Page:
Deadly in pink: The impact of female-oriented cigarette packaging on brand appeal, beliefs about smoking, and risk perceptions among young women
Doxey, Juliana Rose
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Industry documents and anecdotal evidence suggest that cigarette packaging can target women by enhancing brand appeal and influencing important beliefs about smoking. Little research has been conducted on how cigarette pack design might contribute to young women's faulty beliefs about smoking. This study sought to identify package designs that promote misleading beliefs about the health effects of smoking and the relationship between smoking and weight control, and that increase brand appeal among young women; as well as the extent to which plain packaging reduces these beliefs. A between-subjects experiment was conducted in which 512 participants between the ages of 18-25 years viewed cigarette packs using a computerized survey in one of four conditions: female-oriented (n = 141); female-oriented with descriptors (i.e., slims) removed (n = 125); female-oriented without brand imagery or descriptors (“plain”; n = 122); and standard non-female oriented (n = 124). Participants rated 8 cigarette packs on perceptions of appeal, taste, tar, and health risks; and answered questions about smoking and weight control and attitudes towards smoking. Results of the study indicated that women found the female-oriented packs most appealing. Participants also believed that the female-oriented packs had fewer health risks than the same packs with descriptors removed. Women who viewed the plain packs were less likely to believe that smoking helps people control their appetites compared to women who viewed the female-oriented and non-female oriented packs. Women with more weight concerns were more likely to believe in a relationship between smoking and weight control. Overall, this study demonstrates that as packages become “plainer” they become less appealing. Women viewing plain packs were less likely to endorse the belief that smoking can be used for appetite control, and that smoking helps people stay slim; and as descriptors were removed, packs were perceived to have more health risks. Results of the study extend the evidence base on the impact of cigarette packaging on women, and provide support for the implementation of plain packaging to reduce package appeal and faulty beliefs about smoking.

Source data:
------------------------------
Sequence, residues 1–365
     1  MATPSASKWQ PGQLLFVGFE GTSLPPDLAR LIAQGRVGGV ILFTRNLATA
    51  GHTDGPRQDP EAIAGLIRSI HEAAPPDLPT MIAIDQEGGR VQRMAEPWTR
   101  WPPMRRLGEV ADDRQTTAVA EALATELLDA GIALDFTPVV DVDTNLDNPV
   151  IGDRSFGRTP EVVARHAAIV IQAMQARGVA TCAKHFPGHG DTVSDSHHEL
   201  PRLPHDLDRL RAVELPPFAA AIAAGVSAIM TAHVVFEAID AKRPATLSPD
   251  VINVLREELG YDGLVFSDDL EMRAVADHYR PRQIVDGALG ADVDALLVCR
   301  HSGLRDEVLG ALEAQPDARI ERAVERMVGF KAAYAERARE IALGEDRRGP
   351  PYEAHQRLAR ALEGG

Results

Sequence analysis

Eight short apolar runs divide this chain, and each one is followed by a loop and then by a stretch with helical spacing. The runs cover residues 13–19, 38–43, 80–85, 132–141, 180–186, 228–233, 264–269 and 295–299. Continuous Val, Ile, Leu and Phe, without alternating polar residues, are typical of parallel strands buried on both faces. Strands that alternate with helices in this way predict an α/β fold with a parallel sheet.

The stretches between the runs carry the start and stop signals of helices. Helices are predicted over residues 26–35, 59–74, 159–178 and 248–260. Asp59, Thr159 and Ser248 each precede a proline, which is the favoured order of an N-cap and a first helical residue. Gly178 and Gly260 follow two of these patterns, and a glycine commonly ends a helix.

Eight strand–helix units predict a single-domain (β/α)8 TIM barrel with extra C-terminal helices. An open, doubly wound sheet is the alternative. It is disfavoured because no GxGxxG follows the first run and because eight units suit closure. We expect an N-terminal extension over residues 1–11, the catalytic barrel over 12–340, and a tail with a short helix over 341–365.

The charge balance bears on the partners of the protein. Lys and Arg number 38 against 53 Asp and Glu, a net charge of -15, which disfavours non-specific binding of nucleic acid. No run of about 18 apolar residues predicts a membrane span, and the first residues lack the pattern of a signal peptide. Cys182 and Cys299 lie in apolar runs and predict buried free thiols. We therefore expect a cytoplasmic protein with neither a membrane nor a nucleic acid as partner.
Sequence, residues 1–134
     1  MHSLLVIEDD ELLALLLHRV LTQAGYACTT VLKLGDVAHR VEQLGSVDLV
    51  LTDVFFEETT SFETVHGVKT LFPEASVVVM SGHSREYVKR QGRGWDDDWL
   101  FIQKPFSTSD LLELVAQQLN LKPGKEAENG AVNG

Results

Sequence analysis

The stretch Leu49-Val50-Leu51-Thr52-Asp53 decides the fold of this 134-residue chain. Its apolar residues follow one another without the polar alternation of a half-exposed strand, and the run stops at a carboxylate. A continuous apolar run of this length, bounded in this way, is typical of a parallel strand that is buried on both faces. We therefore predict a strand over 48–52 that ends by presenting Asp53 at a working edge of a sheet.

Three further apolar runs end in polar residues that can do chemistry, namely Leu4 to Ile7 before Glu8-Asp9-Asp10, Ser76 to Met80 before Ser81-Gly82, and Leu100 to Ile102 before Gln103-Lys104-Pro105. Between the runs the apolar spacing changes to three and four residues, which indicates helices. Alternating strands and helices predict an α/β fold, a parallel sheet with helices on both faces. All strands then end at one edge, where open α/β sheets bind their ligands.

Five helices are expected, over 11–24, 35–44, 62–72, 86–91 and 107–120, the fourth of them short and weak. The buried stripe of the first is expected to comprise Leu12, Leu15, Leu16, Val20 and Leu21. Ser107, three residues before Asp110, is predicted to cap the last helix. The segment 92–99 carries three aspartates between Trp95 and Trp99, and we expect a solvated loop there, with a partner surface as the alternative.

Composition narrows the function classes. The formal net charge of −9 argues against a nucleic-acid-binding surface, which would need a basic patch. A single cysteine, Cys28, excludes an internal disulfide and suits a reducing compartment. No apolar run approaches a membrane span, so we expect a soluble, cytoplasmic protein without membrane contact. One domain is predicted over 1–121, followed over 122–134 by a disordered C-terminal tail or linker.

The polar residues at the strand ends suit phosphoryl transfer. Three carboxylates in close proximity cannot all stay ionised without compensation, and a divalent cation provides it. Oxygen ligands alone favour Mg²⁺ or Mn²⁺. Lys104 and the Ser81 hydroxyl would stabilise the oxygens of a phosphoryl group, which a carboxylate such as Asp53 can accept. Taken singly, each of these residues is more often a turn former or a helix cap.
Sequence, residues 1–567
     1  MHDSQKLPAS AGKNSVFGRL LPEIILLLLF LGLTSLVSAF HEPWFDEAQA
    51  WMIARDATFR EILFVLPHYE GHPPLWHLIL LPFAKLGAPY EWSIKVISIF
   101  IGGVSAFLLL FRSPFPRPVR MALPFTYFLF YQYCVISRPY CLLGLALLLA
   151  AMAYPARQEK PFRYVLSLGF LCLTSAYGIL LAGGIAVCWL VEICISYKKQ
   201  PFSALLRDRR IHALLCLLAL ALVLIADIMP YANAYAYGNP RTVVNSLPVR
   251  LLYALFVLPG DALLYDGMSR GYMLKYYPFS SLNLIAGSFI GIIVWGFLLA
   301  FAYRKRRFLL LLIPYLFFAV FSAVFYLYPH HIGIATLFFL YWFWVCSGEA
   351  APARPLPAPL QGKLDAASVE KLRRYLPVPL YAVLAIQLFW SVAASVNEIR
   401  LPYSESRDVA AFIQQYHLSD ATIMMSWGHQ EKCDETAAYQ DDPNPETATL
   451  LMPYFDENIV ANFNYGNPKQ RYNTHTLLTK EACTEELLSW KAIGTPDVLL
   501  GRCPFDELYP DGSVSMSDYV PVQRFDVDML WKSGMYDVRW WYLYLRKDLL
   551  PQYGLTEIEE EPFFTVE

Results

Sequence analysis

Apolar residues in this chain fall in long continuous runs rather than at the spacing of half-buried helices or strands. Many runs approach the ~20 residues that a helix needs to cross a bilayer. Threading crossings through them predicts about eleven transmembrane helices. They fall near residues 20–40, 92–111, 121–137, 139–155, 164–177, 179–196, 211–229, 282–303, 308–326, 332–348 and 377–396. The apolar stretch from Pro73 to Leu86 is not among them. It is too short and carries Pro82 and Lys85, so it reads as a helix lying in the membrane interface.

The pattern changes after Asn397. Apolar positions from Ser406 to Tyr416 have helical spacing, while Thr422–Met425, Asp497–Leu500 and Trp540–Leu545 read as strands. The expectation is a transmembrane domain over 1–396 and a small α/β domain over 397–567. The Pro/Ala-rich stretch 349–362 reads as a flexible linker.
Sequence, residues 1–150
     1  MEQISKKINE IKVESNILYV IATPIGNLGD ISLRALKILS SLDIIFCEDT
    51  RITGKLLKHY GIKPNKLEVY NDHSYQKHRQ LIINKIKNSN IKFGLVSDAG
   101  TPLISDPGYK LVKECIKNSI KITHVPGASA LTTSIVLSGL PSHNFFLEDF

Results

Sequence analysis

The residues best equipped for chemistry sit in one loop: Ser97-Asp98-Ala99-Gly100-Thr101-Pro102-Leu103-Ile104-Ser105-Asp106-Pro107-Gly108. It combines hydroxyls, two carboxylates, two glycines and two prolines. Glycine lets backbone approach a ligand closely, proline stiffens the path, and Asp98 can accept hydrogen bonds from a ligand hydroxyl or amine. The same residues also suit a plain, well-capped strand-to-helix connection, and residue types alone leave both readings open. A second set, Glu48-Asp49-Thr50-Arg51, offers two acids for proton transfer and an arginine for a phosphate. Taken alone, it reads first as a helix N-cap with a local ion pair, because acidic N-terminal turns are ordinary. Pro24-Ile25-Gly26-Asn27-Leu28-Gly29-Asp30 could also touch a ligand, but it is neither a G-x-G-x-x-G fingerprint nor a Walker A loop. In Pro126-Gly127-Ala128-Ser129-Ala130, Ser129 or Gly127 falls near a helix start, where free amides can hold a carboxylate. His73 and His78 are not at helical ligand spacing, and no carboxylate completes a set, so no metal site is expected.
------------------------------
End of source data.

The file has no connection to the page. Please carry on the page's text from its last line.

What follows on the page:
Cite this work
Juliana Rose Doxey (2009). Deadly in pink: The impact of female-oriented cigarette packaging on brand appeal, beliefs about smoking, and risk perceptions among young women. UWSpace. http://hdl.handle.net/10012/4823